Prof. Dr.-Ing. Michael Botsch - Technical University of Applied Sciences Ingolstadt

Trained AI-algorithms are implementing a deterministic mapping. So, from this perspective “HOW” the system works is fully transparent and can be inspected. “WHY” a component is where it is and what purpose it has in the whole system is in general not transparent. Thus, the metaphor “black box” is often used and the validation of systems that contain AI-components cannot be realized using well established methods. Especially in the area of automated driving this is a central aspect. Hybrid methods, that combine AI with domain knowledge, are providing possibilities to use AI-approaches also in safety critical applications. The talk will address this topic and present some approaches for such hybrid methods.
Developing Deep Neural Network Models for Behavior Prediction and Vehicle Interaction
Dr. Gonca Gürsun - Robert Bosch GmbH

Predicting the behavior of traffic participants is a challenging task in the context of autonomous driving. Producing reliable predictions that system functions can count on requires accurately modeling the interactions across traffic agents as well as their road environments. In our activity, we develop deep neural network based interaction models that capture the complex dynamic nature in such multi-agent settings. Our goal is to enable safe and comfortable natural driving via reliable, data-efficient and robust AI-based models. In this talk, we share our experiences in developing such AI models and present our first results.

Regulation and its exemplary Implementation

Chair: Prof. Klaus Kompaß - KKo4Safety, formerly BMW Group
Framework for Regular Operation of Level 4 Vehicles in Germany
Arne Zielonka - Bundesministerium für Digitales und Verkehr

Validation Demands for the  Automation of Commercial Vehicles in Different Environments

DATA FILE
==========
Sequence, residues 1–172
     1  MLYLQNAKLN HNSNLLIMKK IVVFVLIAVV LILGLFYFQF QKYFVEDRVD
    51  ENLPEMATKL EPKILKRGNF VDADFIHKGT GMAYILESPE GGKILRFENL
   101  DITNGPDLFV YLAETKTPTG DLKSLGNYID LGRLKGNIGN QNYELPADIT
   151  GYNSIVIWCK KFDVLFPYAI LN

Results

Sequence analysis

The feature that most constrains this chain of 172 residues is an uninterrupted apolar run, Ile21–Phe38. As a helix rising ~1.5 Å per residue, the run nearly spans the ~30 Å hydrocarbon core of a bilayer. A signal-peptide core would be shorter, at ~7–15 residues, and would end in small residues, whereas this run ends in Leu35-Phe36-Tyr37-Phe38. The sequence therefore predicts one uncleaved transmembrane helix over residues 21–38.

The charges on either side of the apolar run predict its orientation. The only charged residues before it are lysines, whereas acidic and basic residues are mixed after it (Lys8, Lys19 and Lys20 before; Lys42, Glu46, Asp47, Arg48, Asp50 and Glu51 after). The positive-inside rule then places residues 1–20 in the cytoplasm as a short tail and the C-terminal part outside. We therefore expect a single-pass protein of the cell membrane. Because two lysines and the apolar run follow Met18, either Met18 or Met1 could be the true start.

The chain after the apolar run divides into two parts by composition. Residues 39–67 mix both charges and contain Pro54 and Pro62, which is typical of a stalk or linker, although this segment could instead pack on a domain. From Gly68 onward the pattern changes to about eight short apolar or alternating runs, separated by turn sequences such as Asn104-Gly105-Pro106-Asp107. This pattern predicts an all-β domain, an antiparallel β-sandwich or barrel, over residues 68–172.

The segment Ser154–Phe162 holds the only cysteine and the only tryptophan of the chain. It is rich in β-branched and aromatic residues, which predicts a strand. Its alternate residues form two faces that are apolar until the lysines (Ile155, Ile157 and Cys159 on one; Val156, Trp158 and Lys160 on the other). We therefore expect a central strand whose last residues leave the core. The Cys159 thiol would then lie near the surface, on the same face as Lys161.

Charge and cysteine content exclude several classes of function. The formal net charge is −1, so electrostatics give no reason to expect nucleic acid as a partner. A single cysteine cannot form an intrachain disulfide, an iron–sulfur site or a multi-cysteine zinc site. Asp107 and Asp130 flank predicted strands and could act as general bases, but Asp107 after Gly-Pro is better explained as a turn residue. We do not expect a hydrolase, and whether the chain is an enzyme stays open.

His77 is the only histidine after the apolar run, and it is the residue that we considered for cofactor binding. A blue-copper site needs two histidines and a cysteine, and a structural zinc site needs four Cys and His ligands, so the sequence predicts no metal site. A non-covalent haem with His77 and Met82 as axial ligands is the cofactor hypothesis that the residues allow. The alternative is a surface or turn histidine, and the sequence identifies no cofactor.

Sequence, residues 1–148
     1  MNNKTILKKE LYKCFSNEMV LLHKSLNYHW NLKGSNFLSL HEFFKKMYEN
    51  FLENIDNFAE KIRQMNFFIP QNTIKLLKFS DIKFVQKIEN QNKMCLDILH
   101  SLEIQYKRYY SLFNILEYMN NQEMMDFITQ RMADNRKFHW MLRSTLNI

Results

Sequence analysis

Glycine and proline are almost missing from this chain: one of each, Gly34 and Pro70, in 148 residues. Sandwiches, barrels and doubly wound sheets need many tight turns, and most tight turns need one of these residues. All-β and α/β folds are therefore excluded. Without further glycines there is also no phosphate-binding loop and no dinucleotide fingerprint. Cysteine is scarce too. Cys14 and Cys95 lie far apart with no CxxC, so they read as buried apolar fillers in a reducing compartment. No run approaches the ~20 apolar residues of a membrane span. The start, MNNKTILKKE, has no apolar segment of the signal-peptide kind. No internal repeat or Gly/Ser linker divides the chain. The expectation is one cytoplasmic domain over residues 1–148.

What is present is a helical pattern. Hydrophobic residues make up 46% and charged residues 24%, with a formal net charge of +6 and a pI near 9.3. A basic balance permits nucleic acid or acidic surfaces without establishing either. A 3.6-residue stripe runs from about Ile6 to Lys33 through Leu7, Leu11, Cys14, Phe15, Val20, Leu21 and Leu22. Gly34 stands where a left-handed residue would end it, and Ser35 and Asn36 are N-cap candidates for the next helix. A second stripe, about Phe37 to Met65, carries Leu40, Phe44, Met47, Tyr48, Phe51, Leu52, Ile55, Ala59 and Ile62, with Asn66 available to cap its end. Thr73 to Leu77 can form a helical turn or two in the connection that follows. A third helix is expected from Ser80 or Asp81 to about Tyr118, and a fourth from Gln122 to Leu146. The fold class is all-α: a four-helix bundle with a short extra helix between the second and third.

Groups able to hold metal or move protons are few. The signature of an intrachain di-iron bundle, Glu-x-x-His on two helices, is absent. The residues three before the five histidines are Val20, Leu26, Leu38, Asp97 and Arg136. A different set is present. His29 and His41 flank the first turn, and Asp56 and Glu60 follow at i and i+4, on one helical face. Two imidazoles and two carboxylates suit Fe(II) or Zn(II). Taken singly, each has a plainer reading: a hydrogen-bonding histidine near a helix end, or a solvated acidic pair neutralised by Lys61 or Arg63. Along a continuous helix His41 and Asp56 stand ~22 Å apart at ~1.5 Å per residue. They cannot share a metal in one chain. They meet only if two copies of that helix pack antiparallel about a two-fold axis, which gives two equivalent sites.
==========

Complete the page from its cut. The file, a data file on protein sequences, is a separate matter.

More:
Dr. Arno Hinsberger - ZF Friedrichshafen AG

The presentation outlines technical challenges for the automation of major commercial vehicle applications. Specifically, the argumentation of applicable regulation and safety turns out to be one of the key enablers for the real-world operation of automated vehicles in different environments. Corresponding requirements are not only influencing the system-/software architecture (Design for Test), they also determine the efforts for Validation & Verification. Since argumentation of safety is fundamental for a product, related concepts are of strategical importance to design an economic solution. Before this background the main operation environments of commercial vehicles are analyzed. Naturally, the introduction of automated commercial vehicles for the operation in controlled environments is an important first step to take but even here potentially unexpected challenges need to be considered. In the light of still evolving regulation and homologation procedures, the presentation finally drafts an idea of how the application of different AD building blocks can be iteratively extended for increasingly complex operation environments.
Wrap up Conference Day 1
Prof. Klaus Kompaß - KKo4Safety, formerly BMW Group

Thursday, May 25, 2023


Chair: Reinhard Böswirth - Veoneer Germany GmbH
Stochastic Cognitive Model  – a Driver Behavior Model for Safety Assessment of Automated Vehicles
Alexandra Fries - BMW Group
  • Importance of driver behavior modelling for simulation-based safety assessment of automated vehicles
  • Methodological approaches to cognitive modelling with a focus on gaze behavior
  • Approaches for validation of the driver behavior model in critical scenarios
Validation of a Neuro-Cognitive Driver Model in Safety-Critical Urban Scenarios